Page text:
High alert in Kashmir over possible IED attacks; officials express concern over increasing recruitment of youth by militants
Government forces sounded a high alert in Kashmir after intelligence inputs warned of possible IED attacks amid a surge in incidents of militancy. The warning has come right before the annual Amarnath Yatra is set to begin in the state.
Government forces sounded a high alert in Kashmir after intelligence inputs warned of possible IED attacks amid a surge in incidents of militancy
The warning has come right before the annual Amarnath Yatra is set to begin in the state from 1 July
Security officials said that IED attacks could be carried out both ahead of the Amarnath Yatra or after the start of the annual pilgrimage
Security personnel are being deployed in strength along the Jammu-Srinagar highway that traverses through Anantnag and Pulwama districts as well as the base camps in Kashmir
Besides, the existing militants, a steady rise in recruitment of local boys is seen to be a concern by security officials in the state
Srinagar: Government forces sounded a high alert in Kashmir after intelligence inputs warned of possible IED attacks amid a surge in incidents of militancy. The warning has come right before the annual Amarnath Yatra is set to begin in the state.
Deputy Inspector General of Police, South Kashmir Range, Atul Kumar Goel, said that security agencies have received intelligence inputs that militants could pull off big IED blasts in Kashmir.
“In south Kashmir we always remain in a state of alert. There is, however, also a general alert that IED blasts may be carried out anytime," said Goel.
Security officials said that IED attacks could be carried out both ahead of the Amarnath Yatra or after the start of the annual pilgrimage. The yatra will commence from 1 July and continue up to 15 August for which security personnel are being deployed in strength along the Jammu-Srinagar highway that traverses through Anantnag and Pulwama districts as well as the base camps in Kashmir.
Weeks ahead of the Amarnath Yatra, number of militancy-related incidents have increased in both Anantnag and Pulwama. Ambush attacks by militants have also gone up after Ramzan, a month of fasting in Islamic calendar.
In the first few months after the 14 February militant attack on a convoy of Central Reserve Police Force (CRPF) in Lethpora area of Pulwama, in which over 40 security personnel were killed, several militants had been killed during gun battles in their safe houses. However, now the patrolling parties of security forces are being ambushed. Militants have also managed to break through security cordons in Kashmir after roadside gun battles.
Earlier, the army said that they have killed 18 militants including 14 who belonged to Jaish-e-Mohammed (JeM) in over 20 days after the 14 February attack on CRPF convoy. The convoy attack was claimed by the JeM.
In the past one week, the army has suffered increased casualties with two of its personnel succumbing today after they were wounded in an IED blast at Arihal in Pulwama on Monday. Two civilians were also injured in the blast and are undergoing treatment along with four other army personnel.
A police spokesperson said that "one mobile patrol vehicle of the army suffered damages" in Pulwama while six army jawans sustained injuries in the blast.
“The car which was packed with the explosives had been lying in the middle of the road when militants detonated it with a remote control device. As the army vehicle reached near the car, the militants triggered the blast. The car turned into rubble after the blast and its splintered parts were laid strewn on the road. The militants managed to flee even though a cordon was laid in the area," a police official said.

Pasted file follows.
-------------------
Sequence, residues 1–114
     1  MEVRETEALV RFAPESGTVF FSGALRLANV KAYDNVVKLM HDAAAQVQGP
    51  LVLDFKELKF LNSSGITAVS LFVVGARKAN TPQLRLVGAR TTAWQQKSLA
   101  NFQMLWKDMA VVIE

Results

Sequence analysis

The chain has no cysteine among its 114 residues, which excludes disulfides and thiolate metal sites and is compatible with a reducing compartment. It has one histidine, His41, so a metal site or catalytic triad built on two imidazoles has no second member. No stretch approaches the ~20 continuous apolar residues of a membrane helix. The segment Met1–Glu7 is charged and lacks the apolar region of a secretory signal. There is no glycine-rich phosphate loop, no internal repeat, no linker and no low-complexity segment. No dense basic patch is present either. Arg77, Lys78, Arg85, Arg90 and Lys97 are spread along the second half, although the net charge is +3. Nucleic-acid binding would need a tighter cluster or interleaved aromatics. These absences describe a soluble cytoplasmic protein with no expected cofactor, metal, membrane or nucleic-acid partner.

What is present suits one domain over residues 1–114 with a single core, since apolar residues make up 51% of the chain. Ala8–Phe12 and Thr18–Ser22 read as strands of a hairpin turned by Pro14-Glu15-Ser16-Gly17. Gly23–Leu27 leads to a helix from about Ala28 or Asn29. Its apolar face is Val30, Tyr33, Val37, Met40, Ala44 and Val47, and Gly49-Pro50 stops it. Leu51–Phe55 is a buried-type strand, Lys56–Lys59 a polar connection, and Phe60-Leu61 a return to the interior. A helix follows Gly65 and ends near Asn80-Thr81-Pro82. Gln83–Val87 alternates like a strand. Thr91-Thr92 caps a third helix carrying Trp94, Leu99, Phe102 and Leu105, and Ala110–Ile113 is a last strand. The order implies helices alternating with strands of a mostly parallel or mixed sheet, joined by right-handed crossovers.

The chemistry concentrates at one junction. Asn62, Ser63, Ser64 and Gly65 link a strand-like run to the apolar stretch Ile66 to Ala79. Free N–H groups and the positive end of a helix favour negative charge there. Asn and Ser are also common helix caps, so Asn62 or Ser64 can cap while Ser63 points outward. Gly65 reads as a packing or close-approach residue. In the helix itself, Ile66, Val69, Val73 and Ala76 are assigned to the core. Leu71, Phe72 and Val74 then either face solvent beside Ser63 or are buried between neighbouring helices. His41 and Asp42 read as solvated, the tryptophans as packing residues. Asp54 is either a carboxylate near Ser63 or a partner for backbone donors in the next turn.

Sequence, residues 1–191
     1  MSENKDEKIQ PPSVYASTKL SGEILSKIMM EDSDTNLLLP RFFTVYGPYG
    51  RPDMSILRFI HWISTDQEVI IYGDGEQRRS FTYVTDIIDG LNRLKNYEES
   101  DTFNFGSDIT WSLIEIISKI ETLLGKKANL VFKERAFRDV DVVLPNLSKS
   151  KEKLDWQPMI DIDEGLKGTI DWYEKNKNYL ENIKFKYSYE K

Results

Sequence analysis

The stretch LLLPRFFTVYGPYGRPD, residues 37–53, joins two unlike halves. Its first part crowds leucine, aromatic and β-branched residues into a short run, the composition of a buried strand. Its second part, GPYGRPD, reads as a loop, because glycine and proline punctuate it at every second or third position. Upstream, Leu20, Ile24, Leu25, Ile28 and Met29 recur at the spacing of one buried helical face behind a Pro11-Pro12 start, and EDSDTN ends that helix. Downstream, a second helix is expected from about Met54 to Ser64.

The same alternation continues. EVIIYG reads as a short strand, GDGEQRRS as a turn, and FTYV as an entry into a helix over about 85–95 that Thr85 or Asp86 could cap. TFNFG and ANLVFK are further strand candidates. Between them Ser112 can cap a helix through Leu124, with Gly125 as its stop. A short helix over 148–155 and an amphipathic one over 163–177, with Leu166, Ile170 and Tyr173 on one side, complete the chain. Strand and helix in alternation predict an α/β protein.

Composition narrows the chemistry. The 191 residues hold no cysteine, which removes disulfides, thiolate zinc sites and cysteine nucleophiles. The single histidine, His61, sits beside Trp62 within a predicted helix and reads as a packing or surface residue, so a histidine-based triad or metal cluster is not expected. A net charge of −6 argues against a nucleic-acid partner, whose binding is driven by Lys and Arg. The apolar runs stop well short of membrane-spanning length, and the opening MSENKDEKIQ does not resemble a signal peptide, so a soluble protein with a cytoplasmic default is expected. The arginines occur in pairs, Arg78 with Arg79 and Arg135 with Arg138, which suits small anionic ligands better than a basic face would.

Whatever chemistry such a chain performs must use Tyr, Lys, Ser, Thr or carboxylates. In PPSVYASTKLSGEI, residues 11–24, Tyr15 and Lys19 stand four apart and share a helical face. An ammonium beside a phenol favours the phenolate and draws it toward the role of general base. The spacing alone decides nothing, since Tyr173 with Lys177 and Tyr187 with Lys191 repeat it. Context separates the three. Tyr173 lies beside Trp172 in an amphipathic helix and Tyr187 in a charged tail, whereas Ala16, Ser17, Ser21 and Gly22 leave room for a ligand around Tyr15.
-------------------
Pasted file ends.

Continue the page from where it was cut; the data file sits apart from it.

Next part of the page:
Ahead of Monday’s blast, militants spread a video on social networking sites giving details about making IEDs using a gas cylinder and chemicals in Kashmir. Goel, however, didn’t confirm its authenticity.
Defence spokesperson, Colonel Rajesh Kalia, said, that the damage in Monday’s IED blast was minimised "due to the alertness of the patrol party". He said that the attack was carried out by a "vehicle-based IED" while the army patrol was moving in the area in the evening.
"Two soldiers with severe contusions have succumbed to their injuries while undergoing treatment,” he added.
Kalia said that one more army man died in a gunfire on Tuesday at Marahom in Anantnag in which two militants were also killed. He added that an army officer and one militant was also killed during the gun battle at Badura area of Anantnag on Monday.
On 12 June, five CRPF personnel and a station house officer (SHO) of police were killed after militants fired on a patrolling party in Anantnag.
Security officials said that local Kashmiri militants are receiving arms training from Pakistani militants. Besides the existing number of militants, who have been operating in large numbers in both southern and northern parts of Kashmir, a steady rise in recruitment of local boys is seen to be a concern by officials.
According to officials, the number of militants currently active in Kashmir is likely to be over 300, however more militants may have recently sneaked into the state from across the Line of Control (LoC). "The number of active militants varies from time to time, but it is around 300 as of now. The ratio of foreign and local militants is nearly equal," said Inspector General of CRPF, Ravideep Sahai.
He, however clarified that the "security grid to check the infiltration from across the LoC was very strong".
"Our anti-infiltration grid is very robust,” he added. Goel said that a number of Pakistani militants have been killed alongside local Kashmiri youth who have taken up arms.
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